Among the other components of non-food inflation, energy prices at the global level and those of industrial inputs do not seem to have the potential of hardening in the coming months, due to slackening demand across countries.

As a result, non-food inflation overall has moved down from double digits in most part of last year, to around 6 per cent currently.

Confidence Crisis

Confidence in macroeconomic management is hard to gain, but easy to lose. It has a spillover effect on the external sector, which can turn adverse very quickly in the face of a confidence deficit.

Post-global financial turmoil, India weathered the storm rather quickly and recovered more or less unscathed. It seemed to have entered a higher growth trajectory, with investor confidence and appetite growing. Unfortunately, after 2011-12, the economy reversed its positive trend and seemed to be falling deeper into a confidence crisis.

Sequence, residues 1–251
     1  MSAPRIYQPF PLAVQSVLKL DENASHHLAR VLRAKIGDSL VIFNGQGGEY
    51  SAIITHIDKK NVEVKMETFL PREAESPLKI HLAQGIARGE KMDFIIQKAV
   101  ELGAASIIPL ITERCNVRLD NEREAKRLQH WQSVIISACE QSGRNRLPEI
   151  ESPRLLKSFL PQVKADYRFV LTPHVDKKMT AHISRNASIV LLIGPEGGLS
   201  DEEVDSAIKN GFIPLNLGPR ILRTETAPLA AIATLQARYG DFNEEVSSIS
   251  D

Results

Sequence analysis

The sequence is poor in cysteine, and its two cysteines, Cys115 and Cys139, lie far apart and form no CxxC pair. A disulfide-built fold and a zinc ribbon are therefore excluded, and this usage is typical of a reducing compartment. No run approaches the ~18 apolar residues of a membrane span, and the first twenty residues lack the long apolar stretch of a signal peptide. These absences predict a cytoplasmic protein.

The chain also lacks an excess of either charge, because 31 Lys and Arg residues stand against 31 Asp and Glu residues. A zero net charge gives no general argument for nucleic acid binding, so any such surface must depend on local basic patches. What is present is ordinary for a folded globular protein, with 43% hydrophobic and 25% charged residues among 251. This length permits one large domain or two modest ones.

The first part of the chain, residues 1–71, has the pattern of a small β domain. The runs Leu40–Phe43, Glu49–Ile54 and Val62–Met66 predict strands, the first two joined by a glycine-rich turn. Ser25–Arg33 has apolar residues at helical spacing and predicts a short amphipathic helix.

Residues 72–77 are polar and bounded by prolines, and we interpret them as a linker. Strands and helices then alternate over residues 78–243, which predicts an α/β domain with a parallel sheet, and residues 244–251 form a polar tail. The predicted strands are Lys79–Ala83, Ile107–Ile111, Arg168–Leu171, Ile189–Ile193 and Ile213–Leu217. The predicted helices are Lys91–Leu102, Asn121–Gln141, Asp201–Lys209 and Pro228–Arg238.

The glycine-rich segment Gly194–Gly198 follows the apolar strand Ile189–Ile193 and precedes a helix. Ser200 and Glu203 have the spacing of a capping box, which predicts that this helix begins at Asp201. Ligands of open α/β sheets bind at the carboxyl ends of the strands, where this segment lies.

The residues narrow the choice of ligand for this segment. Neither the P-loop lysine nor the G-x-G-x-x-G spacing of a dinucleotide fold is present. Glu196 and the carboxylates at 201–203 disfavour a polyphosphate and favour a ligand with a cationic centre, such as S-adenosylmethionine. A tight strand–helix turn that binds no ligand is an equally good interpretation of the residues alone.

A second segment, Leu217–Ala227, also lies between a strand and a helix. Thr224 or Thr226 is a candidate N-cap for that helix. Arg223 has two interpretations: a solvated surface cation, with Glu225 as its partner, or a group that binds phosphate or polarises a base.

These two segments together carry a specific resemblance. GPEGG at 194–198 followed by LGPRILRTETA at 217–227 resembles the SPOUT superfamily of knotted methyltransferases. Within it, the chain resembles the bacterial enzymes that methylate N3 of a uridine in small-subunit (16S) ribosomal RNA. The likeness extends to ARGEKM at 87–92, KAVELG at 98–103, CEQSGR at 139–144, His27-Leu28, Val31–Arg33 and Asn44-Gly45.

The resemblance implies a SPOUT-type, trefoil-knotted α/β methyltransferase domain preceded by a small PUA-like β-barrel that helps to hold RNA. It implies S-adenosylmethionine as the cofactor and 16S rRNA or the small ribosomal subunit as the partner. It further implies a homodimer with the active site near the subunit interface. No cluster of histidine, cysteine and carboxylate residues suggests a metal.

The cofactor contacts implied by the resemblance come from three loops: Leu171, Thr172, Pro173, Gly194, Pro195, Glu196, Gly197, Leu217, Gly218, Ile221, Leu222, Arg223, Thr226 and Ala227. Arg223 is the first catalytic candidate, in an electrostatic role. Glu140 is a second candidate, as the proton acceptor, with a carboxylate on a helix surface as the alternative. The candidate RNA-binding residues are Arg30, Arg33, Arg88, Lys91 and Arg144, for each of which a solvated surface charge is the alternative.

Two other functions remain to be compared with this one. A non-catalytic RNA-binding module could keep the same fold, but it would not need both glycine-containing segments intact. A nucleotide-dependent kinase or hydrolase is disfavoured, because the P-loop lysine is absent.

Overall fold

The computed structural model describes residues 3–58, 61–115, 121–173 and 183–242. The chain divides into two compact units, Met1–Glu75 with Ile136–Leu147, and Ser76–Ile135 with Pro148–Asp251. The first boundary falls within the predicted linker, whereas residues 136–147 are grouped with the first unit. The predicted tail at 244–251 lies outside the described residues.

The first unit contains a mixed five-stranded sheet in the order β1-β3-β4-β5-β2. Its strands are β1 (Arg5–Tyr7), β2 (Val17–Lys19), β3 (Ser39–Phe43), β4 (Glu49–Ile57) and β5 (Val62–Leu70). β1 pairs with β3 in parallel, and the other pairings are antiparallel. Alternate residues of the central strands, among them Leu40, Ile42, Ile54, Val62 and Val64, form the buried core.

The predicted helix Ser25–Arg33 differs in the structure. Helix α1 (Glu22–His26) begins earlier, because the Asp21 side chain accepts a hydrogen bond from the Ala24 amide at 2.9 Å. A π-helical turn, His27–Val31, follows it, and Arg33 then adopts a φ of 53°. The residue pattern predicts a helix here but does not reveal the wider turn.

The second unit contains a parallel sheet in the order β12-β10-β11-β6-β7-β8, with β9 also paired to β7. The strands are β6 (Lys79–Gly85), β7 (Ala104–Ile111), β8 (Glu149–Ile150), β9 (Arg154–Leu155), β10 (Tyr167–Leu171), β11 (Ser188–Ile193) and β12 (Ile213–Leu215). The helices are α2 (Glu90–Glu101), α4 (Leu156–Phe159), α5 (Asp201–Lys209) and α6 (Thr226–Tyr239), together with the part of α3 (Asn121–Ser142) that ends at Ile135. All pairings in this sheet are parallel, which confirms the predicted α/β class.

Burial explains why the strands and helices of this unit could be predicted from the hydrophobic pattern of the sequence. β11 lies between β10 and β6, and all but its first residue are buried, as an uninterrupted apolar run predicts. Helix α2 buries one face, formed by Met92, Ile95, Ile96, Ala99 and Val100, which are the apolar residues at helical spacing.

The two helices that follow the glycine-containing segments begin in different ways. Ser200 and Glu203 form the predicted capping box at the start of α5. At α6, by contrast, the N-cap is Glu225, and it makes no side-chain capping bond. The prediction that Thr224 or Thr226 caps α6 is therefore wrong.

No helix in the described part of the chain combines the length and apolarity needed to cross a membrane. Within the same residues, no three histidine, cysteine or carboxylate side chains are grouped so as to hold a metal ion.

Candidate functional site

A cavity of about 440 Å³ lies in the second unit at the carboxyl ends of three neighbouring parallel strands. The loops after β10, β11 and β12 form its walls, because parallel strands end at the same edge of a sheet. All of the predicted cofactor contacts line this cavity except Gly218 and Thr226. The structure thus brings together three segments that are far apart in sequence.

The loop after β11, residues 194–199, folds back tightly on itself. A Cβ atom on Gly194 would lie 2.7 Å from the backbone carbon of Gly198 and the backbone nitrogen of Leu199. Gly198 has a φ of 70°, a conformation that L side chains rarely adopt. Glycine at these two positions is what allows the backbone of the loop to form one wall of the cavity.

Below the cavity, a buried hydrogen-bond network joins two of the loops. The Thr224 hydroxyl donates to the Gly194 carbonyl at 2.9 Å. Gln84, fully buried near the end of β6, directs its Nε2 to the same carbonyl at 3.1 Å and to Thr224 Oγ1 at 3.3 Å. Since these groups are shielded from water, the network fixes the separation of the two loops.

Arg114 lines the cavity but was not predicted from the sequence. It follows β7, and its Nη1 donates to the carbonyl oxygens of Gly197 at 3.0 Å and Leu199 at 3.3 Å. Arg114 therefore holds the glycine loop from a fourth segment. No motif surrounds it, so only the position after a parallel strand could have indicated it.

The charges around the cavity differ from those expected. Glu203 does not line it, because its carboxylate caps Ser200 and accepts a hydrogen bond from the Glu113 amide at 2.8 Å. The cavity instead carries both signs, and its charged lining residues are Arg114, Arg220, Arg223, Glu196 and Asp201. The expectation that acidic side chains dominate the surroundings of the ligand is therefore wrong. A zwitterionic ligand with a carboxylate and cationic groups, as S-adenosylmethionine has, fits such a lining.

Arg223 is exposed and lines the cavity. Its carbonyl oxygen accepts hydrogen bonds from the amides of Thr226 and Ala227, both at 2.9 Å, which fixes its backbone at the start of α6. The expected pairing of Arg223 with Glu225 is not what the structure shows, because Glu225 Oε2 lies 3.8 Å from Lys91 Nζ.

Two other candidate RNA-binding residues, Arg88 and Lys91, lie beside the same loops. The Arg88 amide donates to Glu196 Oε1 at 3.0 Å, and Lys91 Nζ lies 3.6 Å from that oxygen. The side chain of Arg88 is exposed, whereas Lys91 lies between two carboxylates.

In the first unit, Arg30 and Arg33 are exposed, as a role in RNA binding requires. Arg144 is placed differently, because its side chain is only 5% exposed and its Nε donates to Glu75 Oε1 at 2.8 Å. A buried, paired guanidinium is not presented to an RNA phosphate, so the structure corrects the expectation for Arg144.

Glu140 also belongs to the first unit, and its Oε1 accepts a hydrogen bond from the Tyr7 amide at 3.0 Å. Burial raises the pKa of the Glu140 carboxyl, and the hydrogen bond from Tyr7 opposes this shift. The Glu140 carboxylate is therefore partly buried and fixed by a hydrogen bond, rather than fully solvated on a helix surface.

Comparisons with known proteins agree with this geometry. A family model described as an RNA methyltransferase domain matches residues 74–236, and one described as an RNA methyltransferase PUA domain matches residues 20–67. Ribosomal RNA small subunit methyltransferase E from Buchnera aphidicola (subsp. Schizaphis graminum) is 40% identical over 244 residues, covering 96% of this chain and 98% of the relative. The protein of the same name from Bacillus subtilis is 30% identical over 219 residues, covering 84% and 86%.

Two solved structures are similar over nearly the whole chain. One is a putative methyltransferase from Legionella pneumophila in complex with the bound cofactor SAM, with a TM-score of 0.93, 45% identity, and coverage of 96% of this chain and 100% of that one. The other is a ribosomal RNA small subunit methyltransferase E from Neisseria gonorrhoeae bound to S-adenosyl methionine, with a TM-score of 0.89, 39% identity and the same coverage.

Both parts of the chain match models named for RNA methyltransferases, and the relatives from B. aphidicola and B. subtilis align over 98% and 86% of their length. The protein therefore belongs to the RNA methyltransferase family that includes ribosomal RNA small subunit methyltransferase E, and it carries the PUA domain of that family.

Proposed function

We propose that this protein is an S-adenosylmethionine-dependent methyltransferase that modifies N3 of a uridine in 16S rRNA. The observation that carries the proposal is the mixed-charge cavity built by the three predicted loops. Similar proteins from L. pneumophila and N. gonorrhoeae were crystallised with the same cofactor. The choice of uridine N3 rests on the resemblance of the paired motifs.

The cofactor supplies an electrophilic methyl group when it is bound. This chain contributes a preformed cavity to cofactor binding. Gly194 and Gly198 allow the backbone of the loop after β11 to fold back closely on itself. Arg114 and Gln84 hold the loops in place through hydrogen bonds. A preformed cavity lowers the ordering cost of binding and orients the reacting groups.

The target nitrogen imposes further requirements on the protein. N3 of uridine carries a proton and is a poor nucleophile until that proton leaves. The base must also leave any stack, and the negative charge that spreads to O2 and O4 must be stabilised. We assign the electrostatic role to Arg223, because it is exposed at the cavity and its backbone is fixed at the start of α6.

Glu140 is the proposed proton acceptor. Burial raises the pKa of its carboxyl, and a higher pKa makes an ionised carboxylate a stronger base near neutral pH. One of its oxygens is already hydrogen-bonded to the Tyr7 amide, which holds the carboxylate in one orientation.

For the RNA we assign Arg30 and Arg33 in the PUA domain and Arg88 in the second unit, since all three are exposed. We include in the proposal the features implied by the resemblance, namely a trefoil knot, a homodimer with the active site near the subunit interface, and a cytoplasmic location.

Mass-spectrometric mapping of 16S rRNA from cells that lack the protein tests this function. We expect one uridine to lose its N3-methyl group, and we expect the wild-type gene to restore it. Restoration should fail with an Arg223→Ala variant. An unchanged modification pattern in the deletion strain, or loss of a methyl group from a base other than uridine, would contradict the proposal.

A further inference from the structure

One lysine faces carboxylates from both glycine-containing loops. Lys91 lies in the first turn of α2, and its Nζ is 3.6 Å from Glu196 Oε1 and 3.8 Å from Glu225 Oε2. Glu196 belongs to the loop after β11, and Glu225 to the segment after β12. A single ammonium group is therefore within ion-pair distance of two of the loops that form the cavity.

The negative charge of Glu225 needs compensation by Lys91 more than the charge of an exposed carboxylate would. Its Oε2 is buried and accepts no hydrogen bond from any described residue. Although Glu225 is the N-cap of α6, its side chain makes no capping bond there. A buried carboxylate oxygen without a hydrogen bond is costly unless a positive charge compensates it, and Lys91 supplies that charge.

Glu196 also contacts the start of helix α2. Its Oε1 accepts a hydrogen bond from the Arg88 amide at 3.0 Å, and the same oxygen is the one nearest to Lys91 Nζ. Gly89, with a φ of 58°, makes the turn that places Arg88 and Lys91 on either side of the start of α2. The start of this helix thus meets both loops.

The change of leadership in the crucial policymaking Finance Ministry may help a bit, but as the Prime Minister’s Red Fort address tells us, there is no political consensus on many issues. Governance, overall, remains shaky.

On top of this, trends in external sector indicators have been worsening. This is cause for particular concern. India has in the past been through periods of unstable growth and painful adjustments, as a fall-out of weakness in its external sector.

A shift in monetary policy stance can, however, provide that ray of hope to revive confidence in the economy.

Learning from 1998-99